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Richard Trevithick and the First Railway Locomotive
Although many consider the first steam locomotive to be Stephenson's Rocket, the first steamer was in fact built 25 years previously by Richard Trevithick of Cornwall. A man with an always active mind, Trevithick pioneered the use of high pressure steam in many different industrial areas. These ranged from steam-powered pumping engines and steam locomotives, for road and rail, to mining machinery and agricultural machinery. Trevithick even attempted to tunnel under the Thames, and a full list of all his achievements can be seen here.
Richard Trevithick was born in Illogan, Cornwall, in 1771. He was educated at Camborne School and then went into work with his father at Wheal Treasury mine in Cornwall. This was where he first showed an aptitude for engineering and was soon promoted to engineer of the Ding Dong mine at Penzance. It was in 1796, after his experiences with heavy mining equipment, that he began experimenting with the novel idea of building a steam-powered locomotive, although at this stage he wasn't planning on having it run on rails. At first he concentrated on making a miniature locomotive, and after producing a working prototype he set his eyes on building a much larger steam road locomotive. It wasn't until Christmas Eve, 1801, that he finally managed it.
The locomotive he created, later known as Puffing Devil, had a cylindrical, horizontal boiler with a single horizontal cylinder leading into it. The piston, propelled back and forth in the cylinder by steam pressure, was linked by a piston rod and connecting rod to a crankshaft bearing a large flywheel which turned the driving wheels. Exhaust gases would be vented directly to the atmosphere via a large chimney. Unfortunately this locomotive was unable to maintain steam pressure for long periods of time. However this didn't discourage Trevithick, who travelled to London to try and market his design. Sadly it was regarded as too dangerous and uneconomical.
After many unsuccessful meetings his luck changed when, in 1803, Trevithick was employed by Samuel Homfray, the owner of the Penydarren Ironworks in Merthyr Tydfil, Wales. He was asked to produce a locomotive that would be able to transport iron from Penydarren to the nearest canal, and for this commission Trevithick, produced the world's first steam locomotive to run successfully on rails in February 1804.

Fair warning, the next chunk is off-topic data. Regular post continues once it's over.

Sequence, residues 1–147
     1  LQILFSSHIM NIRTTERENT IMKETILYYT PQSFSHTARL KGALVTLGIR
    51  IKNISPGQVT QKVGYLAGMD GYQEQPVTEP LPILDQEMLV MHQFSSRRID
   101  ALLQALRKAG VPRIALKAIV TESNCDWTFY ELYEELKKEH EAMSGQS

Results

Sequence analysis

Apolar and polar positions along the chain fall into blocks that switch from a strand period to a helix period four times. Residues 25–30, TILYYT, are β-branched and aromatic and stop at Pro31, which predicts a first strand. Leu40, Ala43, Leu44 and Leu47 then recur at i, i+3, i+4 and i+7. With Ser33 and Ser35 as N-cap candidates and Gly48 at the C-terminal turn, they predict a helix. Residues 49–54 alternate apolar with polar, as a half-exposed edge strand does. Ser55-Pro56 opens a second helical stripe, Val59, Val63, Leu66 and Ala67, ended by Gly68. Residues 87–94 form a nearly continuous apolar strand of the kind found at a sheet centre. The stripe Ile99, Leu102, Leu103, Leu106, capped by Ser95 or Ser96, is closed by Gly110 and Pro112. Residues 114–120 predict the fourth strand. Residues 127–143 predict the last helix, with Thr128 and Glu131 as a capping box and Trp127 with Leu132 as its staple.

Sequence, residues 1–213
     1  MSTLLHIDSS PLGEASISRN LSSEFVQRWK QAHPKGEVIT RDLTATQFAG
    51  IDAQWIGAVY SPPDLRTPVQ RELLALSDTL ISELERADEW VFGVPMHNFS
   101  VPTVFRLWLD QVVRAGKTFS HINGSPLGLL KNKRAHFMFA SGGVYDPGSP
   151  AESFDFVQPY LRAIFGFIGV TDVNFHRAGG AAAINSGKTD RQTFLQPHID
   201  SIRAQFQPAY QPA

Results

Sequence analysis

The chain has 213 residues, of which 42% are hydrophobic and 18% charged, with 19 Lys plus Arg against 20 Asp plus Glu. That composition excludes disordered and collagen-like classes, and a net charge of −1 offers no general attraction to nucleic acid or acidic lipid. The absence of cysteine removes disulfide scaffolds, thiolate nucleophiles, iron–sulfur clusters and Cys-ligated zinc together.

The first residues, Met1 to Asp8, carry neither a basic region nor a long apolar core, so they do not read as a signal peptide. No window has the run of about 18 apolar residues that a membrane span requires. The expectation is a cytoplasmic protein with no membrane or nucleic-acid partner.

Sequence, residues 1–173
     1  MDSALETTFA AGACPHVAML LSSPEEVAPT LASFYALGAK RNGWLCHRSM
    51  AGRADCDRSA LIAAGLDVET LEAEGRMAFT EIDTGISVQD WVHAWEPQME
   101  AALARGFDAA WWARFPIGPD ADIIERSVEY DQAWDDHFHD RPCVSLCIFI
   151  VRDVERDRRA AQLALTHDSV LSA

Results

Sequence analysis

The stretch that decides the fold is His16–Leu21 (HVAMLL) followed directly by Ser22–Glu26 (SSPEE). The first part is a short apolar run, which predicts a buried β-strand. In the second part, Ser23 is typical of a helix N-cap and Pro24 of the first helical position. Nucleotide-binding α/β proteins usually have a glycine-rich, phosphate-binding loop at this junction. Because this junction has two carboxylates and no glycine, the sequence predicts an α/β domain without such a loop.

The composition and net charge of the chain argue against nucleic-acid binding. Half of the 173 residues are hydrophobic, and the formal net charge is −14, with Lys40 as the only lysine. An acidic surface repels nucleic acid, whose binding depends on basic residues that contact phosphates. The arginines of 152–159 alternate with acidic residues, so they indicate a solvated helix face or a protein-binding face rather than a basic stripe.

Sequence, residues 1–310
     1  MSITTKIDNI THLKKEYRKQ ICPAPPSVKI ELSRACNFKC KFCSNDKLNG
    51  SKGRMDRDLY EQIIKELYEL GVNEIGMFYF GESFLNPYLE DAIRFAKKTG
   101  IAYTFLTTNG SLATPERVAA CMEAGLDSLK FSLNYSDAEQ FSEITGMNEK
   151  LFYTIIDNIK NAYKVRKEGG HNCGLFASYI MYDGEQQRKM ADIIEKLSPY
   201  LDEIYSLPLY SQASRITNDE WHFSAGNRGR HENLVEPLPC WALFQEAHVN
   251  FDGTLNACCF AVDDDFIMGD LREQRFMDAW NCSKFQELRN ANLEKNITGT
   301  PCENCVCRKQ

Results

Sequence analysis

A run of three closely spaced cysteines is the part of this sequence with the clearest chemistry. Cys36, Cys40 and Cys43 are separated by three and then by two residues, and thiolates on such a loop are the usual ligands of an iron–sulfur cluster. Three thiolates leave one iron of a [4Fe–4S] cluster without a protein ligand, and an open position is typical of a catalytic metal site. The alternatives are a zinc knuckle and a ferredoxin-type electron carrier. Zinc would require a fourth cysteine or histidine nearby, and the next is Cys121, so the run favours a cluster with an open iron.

The First of Many
On the 21 February, 1804, Trevithick's locomotive, with its single vertical cylinder, eight-foot flywheel and long piston-rod, managed to haul ten tons of iron, 70 passengers and five wagons from the ironworks at Penydarren to the Merthyr-Cardiff Canal. During the nine-mile journey the unnamed1 Penydarren locomotive reached speeds of nearly five miles an hour.
Unfortunately, technical difficulties meant Trevithick's locomotive only ever made three journeys. Each time, the seven-ton steam engine broke the cast iron rails, and Samuel Homfray came to the conclusion that Trevithick's invention was unlikely to reduce his transport costs so he decided to abandon the project in 1808. Later that year Trevithick developed a new locomotive he called Catch Me Who Can, which he ran on a circular track in Euston Square2, London, charging a shilling for a ride. Plenty of people were willing, especially since his locomotive reached speeds up to 12 mph, but once again the rails broke and he was forced to bring the enterprise to an end.
Further details of Trevithick's locomotives can be found here.
Pieces of Silver
After these failures, Trevithick never really recovered his enthusiasm for the project and ended up abandoning it and adapting his locomotive into a steam dredger. In 1816 he travelled to South America to develop steam engines for Peruvian silver mines, hoping to become wealthy, but circumstances were against him and he returned to England in 1827, penniless and obscure.
Richard Trevithick died in extreme poverty at the Bull Inn, Dartford, on 22 April, 1833. As he left no money for his burial he faced the prospect of a pauper's funeral. However, when a group of local factory workers heard the news, they raised enough money to provide a decent funeral and he was buried in Dartford churchyard.
Because of his important contribution to modern engineering, the Institution of Civil Engineers introduced their Trevithick Prize. This was a cash award and certificate presented annually for the best paper presented to the institution.
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